Friday, November 26, 2010

HIKE/SWIM: Clarence Rv Gorge

We had been thinking about heading out to the Clarence Rc Gorge for some time now, so having some time off on Thursday, that's exactly what we did.  There are a couple ways to get there, we cam from Copmanhurst, across the Clarence Rv at the Lillydale bridge
Only just low enough to cross !
because of all the rain, the water was just under the crossing, allowing us to get through

and then followed the winding road further up into some beautiful country.  This was to be an exploratory trip, to decide if it was worthwhile coming back and spending some time there, kayaking or rafting.  We approached from the western side oft he river, through the private property called "The Gorge" , rather then on the western side via "Wavehill Station".

The country was incredibly green, the colour almost luridly vibrant
Verdant famland

The drive slowly snakes further and further up the river, with glimpses of the river around nearly every corner, along with some wonderful River Red Gums
Massive river red gums
Old power pole on it's last legs

After speaking to the properties owner, we parked the Ute and started the hike up the river, it's only about 3 - 4 km up .  The "track" follows the river up at the bottom of the high bank, river left and is a partly obscured cow track, a little difficult to follow in places but it get's you there.

You pass numerous massive fig trees,

Fig trees lining the cow track you follow up the Rv
all the while being able to hear the river but not see most of the time, it as it crashes through the baslat rock, having carved it's own path over millions of years.

Eventually you come around the corner, spying Rainbow Falls, the last of the falls (numbered coming down the river)

Rainbow Falls
from there we continued up the river.  Unfortunately, the rest of the falls are near the bank opposite and because of the rain we have been having, the usually low channel on our side was too high, proving impassable, oh well, I guess it means we will have to come back !

We knew we would be doing a few water crossings, so Toni was keen to try her Vibram Fivefingers out on a true hike

Toni stepping out in her" Fivefingers" !
We found a great spot beside the river to stop, swim have lunch and relax before heading back

There was plenty of fauna, the highlight being two wedgetail eagles and a huge goanna, as well as interesting flora
Fungi on a log

After the walk back, we jumped in the river to cool down with another swim, then headed back out home, coming back out onto the Gwydir Hwy, before Jackadgery.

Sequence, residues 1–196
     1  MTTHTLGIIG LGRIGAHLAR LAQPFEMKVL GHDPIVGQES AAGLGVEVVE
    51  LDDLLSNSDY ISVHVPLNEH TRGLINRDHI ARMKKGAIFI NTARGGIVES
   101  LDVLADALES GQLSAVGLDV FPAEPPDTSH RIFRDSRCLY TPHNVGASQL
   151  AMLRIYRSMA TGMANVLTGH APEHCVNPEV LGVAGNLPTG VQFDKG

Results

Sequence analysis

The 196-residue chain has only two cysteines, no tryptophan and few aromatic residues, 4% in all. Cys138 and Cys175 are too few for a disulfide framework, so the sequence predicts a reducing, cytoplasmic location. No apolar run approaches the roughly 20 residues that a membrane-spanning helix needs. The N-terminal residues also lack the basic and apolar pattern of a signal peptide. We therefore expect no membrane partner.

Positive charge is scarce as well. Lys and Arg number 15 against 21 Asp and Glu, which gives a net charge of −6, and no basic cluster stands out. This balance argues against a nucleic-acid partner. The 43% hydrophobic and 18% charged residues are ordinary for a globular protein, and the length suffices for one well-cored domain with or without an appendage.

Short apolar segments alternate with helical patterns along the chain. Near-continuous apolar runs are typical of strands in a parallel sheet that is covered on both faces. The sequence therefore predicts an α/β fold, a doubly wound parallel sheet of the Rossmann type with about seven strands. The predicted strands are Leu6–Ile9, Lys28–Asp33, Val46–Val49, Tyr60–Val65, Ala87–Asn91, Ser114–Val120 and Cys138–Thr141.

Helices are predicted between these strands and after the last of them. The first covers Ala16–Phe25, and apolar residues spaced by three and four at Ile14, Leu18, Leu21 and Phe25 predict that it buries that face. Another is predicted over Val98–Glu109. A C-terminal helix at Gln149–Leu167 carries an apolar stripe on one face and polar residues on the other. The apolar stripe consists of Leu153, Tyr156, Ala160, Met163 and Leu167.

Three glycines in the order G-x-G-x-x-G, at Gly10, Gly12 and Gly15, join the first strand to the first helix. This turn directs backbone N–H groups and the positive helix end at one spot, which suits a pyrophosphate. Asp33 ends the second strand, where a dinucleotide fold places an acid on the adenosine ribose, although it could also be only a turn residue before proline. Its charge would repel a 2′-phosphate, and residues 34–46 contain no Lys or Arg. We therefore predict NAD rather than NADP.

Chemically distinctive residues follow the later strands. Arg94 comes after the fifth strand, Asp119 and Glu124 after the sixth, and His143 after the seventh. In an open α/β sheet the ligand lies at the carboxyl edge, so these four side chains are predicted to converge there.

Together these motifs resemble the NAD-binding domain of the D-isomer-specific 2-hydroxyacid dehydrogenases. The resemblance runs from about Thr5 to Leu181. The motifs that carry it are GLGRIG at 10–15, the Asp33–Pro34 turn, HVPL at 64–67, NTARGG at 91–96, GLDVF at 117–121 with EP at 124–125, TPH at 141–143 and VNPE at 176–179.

There are plenty of paid camping spots right beside the river, as well as a cottage to hire f you're looking for something a little more salubrious and they will even arrange to take you up the river in a small boat if you're so inclined.

Well worth the trip, next time we need to take the rafts !

Friday, November 5, 2010

RAFT/MTB: Packrafting the Boyd Rv

This was to be a full day adventure, and a full day of adventure it turned out to be.    One of the huge advantages of the Alpaka packrafts is the size they pack down to, that versatility, combined with a great design was one of the main reasons we chose these as the best solution for us.   This versatility was to come into it's own on this trip.  While mountain bike riding was our primary passion, being in the bush was where it was at.  Combining the Mount Bikes with rafting in a single day promised to be everything we were looking for.

We had planned to start at Buccarumbi (the confluence of the Mann and Nymboida Rv's) about 15 minutes from our place, ride our mountain bikes to Dalmorton, (a once thriving gold mining area, long ago abandoned), just to the west of the Chalendui National Park, some 19km's up the river, with the rafts on the bikes !  I had recently acquired a Freeload rack for my bike, from Ground Effect
Freeload Rack for bicycles

the perfect piece of kit to carry something the size of the packraft.  I mounted it on my Specialized Epic 29er and had Toni jump on to grab a pic with it all kitted up.  While I had the raft strapped to the Freeload, Toni had everything in a larger backpack, not quite as nice to ride this way but easily doable.  The breakdown paddles easily fitted in the pack, my lightweight carbon fibre Sawyer paddle is shown in my Camelback  HAWG for comparison.